Last night, the world stopped and looked up to catch a glimpse of the long-awaited "super blood wolf eclipse."
The unique and beautiful astronomical event was the combination of several factors: first, the moon passed into the shadow of Earth, creating a full lunar eclipse.
The fact that there was a "super moon" on the same night, when the full moon was at its closest point to earth, only made it look even more striking.
During the eclipse, the moon was also bathed in red light reflected through Earth's atmosphere, hence the "blood moon." Finally, a traditional Native American name for January full moons made this a "wolf moon."
Whatever you call it, the sight was beautiful and widely visible around the world, which made for plenty of incredible photos. Here are some of our favorites:
Just caught the #SuperBloodWolfMoon rise over Olin, Iowa.— Bill Weir (@BillWeirCNN) January 20, 2019
Alas, no jumping cows. pic.twitter.com/6kstILxiUa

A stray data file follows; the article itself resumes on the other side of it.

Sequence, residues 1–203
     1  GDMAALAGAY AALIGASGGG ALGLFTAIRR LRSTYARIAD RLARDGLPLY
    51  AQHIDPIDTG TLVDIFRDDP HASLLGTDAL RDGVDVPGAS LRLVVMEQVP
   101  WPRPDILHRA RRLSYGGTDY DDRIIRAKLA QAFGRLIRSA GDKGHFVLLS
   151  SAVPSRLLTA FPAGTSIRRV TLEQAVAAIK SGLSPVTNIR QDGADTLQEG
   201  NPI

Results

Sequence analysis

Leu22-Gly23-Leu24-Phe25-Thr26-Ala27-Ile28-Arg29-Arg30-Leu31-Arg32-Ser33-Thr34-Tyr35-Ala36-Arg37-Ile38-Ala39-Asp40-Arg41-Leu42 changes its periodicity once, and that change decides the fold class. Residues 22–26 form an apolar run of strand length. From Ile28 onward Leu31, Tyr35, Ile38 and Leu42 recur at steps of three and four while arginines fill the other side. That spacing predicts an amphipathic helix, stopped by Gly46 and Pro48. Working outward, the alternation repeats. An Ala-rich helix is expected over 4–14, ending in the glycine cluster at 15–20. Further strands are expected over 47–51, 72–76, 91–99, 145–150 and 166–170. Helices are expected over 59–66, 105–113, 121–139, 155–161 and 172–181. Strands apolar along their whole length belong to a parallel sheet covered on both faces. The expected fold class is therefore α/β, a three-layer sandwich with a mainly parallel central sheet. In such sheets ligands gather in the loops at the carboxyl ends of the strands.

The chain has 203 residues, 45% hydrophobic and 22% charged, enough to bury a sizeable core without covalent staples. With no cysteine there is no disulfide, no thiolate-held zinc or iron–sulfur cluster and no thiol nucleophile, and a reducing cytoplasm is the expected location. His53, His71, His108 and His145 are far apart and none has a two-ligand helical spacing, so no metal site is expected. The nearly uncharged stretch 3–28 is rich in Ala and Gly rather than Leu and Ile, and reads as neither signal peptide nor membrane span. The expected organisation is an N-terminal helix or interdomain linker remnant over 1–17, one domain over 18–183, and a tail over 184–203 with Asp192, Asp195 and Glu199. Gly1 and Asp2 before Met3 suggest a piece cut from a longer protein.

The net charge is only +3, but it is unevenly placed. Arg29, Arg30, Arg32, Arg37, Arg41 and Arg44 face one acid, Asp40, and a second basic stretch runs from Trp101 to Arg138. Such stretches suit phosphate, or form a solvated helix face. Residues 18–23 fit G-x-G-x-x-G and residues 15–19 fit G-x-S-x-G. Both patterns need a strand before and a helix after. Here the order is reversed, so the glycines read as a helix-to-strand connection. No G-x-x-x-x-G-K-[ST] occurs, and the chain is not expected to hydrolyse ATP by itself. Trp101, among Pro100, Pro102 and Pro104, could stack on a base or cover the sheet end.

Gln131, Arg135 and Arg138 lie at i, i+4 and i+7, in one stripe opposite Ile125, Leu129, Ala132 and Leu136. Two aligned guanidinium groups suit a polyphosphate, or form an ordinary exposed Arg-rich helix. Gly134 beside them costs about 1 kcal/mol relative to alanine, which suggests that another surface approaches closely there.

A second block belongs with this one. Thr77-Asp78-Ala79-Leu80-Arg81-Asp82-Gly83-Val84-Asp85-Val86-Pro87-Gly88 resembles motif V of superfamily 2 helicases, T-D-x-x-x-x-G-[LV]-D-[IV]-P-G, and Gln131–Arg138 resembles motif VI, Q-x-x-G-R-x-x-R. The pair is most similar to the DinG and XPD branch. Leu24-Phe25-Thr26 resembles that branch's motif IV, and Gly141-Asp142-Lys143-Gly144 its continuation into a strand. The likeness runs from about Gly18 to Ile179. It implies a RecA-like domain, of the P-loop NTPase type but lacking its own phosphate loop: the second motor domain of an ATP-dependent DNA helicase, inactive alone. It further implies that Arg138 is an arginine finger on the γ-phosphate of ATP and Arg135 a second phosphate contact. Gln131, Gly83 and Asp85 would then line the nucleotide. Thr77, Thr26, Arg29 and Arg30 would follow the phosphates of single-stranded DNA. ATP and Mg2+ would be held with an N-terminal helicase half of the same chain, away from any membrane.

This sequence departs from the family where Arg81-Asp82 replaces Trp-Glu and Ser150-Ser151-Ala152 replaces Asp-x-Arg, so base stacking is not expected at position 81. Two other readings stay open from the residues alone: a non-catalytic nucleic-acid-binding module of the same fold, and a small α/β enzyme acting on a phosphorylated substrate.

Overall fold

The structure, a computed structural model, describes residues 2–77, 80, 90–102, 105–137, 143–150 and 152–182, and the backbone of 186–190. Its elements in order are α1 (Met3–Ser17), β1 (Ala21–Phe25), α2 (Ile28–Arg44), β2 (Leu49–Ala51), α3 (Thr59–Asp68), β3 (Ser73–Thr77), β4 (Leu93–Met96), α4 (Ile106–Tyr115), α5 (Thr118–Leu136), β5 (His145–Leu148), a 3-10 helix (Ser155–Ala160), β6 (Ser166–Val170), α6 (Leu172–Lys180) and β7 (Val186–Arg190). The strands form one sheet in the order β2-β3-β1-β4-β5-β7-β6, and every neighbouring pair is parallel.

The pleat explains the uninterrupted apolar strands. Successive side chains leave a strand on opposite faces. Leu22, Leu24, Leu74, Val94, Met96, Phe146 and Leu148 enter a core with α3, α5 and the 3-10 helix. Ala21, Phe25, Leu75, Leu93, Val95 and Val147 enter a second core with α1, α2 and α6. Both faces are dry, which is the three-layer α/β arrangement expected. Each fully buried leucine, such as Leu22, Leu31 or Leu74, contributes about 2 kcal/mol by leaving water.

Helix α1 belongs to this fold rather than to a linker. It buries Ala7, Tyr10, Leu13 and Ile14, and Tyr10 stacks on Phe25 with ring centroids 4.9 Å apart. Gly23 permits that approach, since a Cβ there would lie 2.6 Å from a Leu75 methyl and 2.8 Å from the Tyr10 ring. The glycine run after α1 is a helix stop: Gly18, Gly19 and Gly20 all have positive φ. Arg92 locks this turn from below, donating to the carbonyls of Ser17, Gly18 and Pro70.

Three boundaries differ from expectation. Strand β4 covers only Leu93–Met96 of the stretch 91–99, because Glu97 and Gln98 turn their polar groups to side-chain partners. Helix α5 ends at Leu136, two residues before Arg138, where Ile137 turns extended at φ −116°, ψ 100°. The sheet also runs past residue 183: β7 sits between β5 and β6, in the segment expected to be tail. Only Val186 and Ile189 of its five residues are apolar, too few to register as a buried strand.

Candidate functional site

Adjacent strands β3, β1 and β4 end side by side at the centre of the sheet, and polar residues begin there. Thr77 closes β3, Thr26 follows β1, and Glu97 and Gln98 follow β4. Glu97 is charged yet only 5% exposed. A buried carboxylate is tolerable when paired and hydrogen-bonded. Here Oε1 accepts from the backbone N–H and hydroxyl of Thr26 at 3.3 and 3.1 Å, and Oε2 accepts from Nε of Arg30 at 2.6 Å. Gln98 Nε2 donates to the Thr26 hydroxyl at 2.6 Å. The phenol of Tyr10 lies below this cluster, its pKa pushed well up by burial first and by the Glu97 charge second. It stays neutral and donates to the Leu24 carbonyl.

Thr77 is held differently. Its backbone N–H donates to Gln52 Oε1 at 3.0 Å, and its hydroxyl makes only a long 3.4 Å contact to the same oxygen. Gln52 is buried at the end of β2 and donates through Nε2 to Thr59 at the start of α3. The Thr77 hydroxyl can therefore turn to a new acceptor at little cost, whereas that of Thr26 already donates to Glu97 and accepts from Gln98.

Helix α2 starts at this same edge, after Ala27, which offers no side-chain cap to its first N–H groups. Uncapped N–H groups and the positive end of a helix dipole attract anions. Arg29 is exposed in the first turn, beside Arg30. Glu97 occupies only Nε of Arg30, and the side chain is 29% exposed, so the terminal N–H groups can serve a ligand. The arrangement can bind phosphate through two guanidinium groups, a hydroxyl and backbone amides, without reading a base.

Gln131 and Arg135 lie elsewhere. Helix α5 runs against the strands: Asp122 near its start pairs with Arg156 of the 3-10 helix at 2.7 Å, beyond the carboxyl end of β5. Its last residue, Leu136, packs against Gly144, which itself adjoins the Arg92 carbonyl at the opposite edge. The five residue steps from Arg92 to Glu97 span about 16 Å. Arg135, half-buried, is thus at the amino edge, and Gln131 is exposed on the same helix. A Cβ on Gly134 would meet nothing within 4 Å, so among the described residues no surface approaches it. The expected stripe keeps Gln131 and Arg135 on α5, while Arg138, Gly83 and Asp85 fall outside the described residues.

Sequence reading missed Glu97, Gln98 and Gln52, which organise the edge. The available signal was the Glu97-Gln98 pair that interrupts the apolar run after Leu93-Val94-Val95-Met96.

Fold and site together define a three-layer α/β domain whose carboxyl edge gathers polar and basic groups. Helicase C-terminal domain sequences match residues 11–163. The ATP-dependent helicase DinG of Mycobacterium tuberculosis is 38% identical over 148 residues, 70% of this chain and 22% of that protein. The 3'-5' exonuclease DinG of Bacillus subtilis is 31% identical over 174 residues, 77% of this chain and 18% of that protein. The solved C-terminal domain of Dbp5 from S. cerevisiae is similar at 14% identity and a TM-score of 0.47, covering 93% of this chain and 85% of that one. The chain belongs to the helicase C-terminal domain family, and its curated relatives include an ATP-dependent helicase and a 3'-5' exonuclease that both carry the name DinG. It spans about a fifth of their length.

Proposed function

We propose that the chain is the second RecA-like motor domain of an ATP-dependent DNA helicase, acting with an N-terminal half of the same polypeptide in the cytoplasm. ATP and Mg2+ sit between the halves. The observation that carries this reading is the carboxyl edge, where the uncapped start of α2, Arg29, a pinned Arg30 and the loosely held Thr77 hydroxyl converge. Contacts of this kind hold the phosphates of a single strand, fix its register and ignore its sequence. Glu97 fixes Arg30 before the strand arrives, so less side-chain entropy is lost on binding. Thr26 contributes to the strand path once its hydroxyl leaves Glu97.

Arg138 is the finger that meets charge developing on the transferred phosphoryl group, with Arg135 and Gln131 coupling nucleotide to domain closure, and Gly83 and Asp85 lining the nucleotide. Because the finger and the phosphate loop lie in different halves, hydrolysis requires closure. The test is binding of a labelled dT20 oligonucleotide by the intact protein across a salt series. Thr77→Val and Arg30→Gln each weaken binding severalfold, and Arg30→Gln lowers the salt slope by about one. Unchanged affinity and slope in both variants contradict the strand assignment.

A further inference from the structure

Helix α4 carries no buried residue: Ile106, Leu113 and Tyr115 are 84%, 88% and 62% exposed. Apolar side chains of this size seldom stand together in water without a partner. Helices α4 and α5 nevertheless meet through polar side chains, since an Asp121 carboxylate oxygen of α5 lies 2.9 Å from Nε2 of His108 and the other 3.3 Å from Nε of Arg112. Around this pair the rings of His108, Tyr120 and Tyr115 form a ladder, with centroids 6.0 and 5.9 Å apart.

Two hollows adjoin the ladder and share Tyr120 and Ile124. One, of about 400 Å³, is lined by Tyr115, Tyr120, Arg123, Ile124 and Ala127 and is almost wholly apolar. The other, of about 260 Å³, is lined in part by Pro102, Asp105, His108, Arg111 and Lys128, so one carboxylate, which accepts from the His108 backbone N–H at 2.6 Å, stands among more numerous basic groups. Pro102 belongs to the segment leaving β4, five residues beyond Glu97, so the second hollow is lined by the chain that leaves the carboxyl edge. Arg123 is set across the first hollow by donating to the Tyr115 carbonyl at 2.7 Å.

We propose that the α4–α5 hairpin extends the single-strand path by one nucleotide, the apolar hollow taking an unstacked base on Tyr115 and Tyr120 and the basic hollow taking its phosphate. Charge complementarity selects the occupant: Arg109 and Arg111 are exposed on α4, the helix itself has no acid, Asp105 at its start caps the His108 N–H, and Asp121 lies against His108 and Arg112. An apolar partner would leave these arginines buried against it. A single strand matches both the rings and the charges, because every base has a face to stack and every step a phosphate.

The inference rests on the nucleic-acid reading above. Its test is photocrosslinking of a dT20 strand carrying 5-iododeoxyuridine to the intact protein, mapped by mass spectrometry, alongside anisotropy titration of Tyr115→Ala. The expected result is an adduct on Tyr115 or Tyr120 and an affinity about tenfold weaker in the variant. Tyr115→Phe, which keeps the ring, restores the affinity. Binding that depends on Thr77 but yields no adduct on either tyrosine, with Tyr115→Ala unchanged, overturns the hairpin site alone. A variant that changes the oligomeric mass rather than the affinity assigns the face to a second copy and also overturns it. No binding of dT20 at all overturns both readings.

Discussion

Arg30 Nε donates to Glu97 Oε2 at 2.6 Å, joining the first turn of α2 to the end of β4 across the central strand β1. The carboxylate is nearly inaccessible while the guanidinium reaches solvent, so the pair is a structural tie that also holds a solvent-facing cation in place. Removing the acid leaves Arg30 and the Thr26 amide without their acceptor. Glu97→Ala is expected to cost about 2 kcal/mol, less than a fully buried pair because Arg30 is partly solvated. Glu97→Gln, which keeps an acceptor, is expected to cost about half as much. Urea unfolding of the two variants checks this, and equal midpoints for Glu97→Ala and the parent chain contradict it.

amazing shots from a friends telescope #Eclipse2019 #kens5eyewitness pic.twitter.com/EapZMuykhk— Bill Taylor (@BillTaylorKENS5) January 21, 2019
Took some photos of the Super blood wolf moon last night. That name sounds Klingon to me. #LunarEclipse #fullbloodmoon #SuperWolfBloodMoon pic.twitter.com/uxEYgscvxq— Lollis Photography (@lollisphoto) January 21, 2019
Super Blood Wolf Moon lunar eclipse, Tampa, FL. 2019. #SuperWolfBloodMoon #Tampa #sendto10 pic.twitter.com/qunrkoHM6g— SkyView Drone Photography (@AndrewArb0171) January 21, 2019
The #SuperWolfBloodMoon was visible over campus last night.— Rice University (@RiceUniversity) January 21, 2019
Thanks @BranMart for capturing the beauty! pic.twitter.com/jQTpdno85M
Lunar eclipse! Beautiful shades of pink and red here in #Houston. It looks like the moon is on fire. #LunarEclipse2019 pic.twitter.com/22QIhtDEpQ— Terry Virts (@AstroTerry) January 21, 2019